Neal Pollard

The word “scruple” comes to us, as many words do, from a Latin word (in this case, scrupus) and it literally meant “rough pebble” and figuratively meant “anxiety.” It has come to mean “a feeling of doubt or hesitation with regard to the morality or propriety of a course of action” (Apple Dictionary, version 2.2.1, 2005-2015). All of us have scruples that reveal themselves in the standards we set for ourselves.  Often, our “doubt” or “hesitation” arises because of Bible teaching. We disapprove of sexual immorality because God forbids it. We shun drunkenness because Scripture condemns it. Where God commands something be done or avoided, we are simply exercising obedience by following His Word and even echoing His will by teaching it to others. In such cases, we are not making law but only seeking to be obedient to what God has already commanded. Yet, there are areas that fall within the realm of judgment where we must be careful to distinguish between our tastes, proclivities, and convictions and what God has actually said about it. In its more serious and sinister form, we may even draw lines of fellowship or form judgments about someone because they violate, not Scripture, but our scruples. Consider a short list of areas and examples:

  • That men must wear a suit and/or tie to the assemblies and women must wear a dress to the assemblies (most especially that the preacher must don suit and tie when he preaches).
  • Abstaining from watching all TV.
  • That putting up a Christmas tree or otherwise celebrating the season is wrong.
  • That one must offer an invitation after every sermon.
  • That there must be an evening worship assembly offered for a church to be sound.
  • Opposing tattoos of any shape, size, or place.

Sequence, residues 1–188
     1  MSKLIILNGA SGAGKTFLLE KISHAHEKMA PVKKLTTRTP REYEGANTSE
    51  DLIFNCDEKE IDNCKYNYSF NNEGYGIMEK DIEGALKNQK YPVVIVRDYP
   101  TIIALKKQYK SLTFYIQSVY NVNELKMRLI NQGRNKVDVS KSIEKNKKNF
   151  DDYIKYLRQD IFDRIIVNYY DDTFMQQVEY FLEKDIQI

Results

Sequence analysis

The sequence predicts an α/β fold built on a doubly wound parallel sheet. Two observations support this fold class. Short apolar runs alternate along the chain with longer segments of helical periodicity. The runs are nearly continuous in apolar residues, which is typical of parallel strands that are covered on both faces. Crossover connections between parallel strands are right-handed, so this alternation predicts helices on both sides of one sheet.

• That children must be educated at home or in the public school system.
  • That allowing one’s teenaged children to date is inherently sinful.
  • That a preacher must support himself with a secular job.
  • That an organized youth program is wrong.

There is no way to be exhaustive with such a list, but what all of these (and other things) have in common is that we cannot find book, chapter, and verse that causes these scruples to rise to the level of commandment. I’m not talking about whether they are wise or unwise, what role principle might play in decision-making, or what is or is not the best judgment.  Short of a heavenly mandate, we must tread so carefully.  Most of the examples above have been the source of friction between faithful brethren who otherwise stand together upon the gospel foundation. I have strong, decided feelings on most of the matters mentioned above. A few might surprise you, but many may not. When it comes down to the brass tacks of practicality, though, we need to remember to balance Paul’s injunction to not only “bear with the scruples of the weak, and not to please ourselves” (Rom. 15:1) but also “receive one who is weak in the faith, but not to disputes over doubtful things” (Rom. 14:1). This requires such Christian qualities as wisdom, grace, patience, understanding, and love. Some battles can distract us from the real enemy. Let’s not allow that to happen!



  1. Amen, brother! Don’t forget making a hobby about food in the building or the lack of a kitchen in a new one. These are interesting reservations among some brethren. I just make no such distinctions among our folks, but some get bent out of shape over nothing it seems.

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